In 2012, I wrote this novella about a young Amish woman’s first Christmas with her new husband, Gideon. She’d only been married a few short weeks and, like many Old Order Amish newlyweds, they didn’t live together during those initial weeks.
On Christmas, with the heavy blanket of snow blanketing the fields and covering the roads, Rebecca didn’t hold much hope in Gideon making it to her parents’ farmhouse to celebrate the birth of Jesus. Will Gideon attempt the dangerous journey?
EXCERPT from A Christmas Gift for Rebecca
Rebecca stood by the window, looking outside at the snow that had started to fall from the sky. The grey clouds made everything look even gloomier than Rebecca was feeling at the moment. After all, with the snow falling and the accumulation growing on the cold ground, the buggies would be left in the barns tonight. It would be too dangerous to hitch up the horses and travel. With a sigh, she turned from the window and crossed her arms over her chest. She knew what that meant: Gideon would not be able to make it to her parents’ house for their first Christmas together.
“Becca,” her mamm called from the kitchen. “Could use some help with kneading the bread.”
Rebecca exhaled and pushed away from the wall with reluctance. Working would help time pass faster, that much was true. But her mind was still on her husband of only four weeks. They had been married the last Thursday in November and, during the past month, they had only seen each other on weekends. He still resided with his parents and she with hers. That was the arrangement until they would be able to move into their new home, perhaps early April.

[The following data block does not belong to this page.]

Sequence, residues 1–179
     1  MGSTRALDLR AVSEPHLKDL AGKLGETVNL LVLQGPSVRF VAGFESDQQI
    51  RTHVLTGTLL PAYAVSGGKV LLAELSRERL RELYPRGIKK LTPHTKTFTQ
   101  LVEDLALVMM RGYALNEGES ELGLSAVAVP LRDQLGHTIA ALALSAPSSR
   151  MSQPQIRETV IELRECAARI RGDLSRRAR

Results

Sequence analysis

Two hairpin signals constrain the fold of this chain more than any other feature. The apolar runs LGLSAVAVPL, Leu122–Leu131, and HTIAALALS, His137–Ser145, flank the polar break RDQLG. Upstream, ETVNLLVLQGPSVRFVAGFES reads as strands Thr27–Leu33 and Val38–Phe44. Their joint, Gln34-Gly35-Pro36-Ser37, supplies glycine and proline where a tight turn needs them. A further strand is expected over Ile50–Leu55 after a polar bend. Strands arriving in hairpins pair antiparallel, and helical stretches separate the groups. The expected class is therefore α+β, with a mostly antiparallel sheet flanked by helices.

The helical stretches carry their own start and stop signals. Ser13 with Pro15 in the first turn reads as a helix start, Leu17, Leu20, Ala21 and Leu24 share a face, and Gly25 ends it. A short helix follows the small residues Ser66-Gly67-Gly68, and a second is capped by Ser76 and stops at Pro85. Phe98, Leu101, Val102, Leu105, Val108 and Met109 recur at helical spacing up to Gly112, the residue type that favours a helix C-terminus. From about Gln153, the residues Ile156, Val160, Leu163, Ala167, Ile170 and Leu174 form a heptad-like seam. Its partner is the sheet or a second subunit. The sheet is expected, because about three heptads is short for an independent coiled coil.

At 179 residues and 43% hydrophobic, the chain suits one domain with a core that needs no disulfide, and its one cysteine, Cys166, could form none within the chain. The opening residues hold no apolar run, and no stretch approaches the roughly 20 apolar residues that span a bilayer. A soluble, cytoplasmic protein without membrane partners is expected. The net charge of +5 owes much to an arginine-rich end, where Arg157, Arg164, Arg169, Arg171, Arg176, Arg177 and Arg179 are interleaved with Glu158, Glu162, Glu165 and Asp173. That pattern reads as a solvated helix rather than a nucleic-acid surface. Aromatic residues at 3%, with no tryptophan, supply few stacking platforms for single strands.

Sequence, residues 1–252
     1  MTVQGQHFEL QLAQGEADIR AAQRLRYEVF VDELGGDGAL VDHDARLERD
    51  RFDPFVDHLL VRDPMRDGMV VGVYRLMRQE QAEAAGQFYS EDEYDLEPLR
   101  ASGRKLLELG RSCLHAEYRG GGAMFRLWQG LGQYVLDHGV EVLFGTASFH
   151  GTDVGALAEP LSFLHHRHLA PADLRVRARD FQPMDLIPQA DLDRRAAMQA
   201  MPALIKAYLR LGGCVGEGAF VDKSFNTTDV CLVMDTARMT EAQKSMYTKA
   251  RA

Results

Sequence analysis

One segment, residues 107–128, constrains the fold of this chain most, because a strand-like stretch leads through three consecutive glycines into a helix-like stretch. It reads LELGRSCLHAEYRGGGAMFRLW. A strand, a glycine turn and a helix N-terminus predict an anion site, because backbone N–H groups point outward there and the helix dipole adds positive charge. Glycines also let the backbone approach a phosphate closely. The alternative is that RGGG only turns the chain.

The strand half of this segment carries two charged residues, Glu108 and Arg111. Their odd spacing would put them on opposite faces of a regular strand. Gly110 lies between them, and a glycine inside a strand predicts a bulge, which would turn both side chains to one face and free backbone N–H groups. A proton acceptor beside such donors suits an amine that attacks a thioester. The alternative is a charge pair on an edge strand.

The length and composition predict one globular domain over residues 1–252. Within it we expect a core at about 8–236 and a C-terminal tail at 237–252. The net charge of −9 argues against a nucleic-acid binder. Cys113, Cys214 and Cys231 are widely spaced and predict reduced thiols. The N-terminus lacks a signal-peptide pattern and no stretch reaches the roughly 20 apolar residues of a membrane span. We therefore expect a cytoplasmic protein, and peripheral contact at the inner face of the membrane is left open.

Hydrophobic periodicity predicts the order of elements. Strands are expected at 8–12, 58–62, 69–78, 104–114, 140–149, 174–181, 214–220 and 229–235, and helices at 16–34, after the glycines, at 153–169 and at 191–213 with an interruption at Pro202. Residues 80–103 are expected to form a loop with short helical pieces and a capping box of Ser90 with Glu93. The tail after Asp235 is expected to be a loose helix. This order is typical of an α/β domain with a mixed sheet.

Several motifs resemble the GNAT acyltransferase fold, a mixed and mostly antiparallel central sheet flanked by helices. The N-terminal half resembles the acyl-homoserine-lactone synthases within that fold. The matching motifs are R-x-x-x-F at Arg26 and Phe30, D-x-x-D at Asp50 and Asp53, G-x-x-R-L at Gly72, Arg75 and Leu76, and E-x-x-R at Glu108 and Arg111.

“Yes, Mamm,” she said obediently as she hurried into the kitchen to help her mother.
Without asking for direction or instruction, Rebecca quickly stepped up to the counter and began kneading the bread that would soon bake in the oven, sending a warm dough smell throughout the house. Trying to forget her disappointment at the weather, Rebecca focused on the bread, kneading it between her hands as she had done hundreds of times before when she helped her mamm, as a girl. But her heart still felt heavy. Why snow, she thought. Why tonight?
As if reading her thoughts, her mamm broke the silence. “Sure is pretty outside, ain’t so?”
Rebecca glanced up, first at her mamm then out the window. The snow was now really falling heavily with big chunks of flakes that fluttered past the frosted glass. Beyond that, she could barely make out the figures of her younger brothers and sisters who were playing by the barn entrance. Samuel and David were making a snowman while little Lovina and Lydia were laying on the ground, their arms spread out over their heads. Snow angels, Rebecca realized with a sad smile.
It had been years since she had made a snow angel. At twenty, she was too old to play outside but the memories of winters past lingered within her. She watched the children, just for a few more moments. The sight of them playing and laughing lightened the burden in her heart. “Ja,” she admitted to her mamm. “It’s beautiful.”
“As if God is showering us with purity and goodness,” her mamm added. “Making the whole world fresh and clean.”
Sarah Price is the author of the Plain Fame series and the Amish of Ephrata series, among other books. She comes from a long line of devout Mennonites, and her writing reflects accurate and authentic stories based upon her own experiences with several Amish communities. Visit her at sarahpriceauthor.com and on Facebook.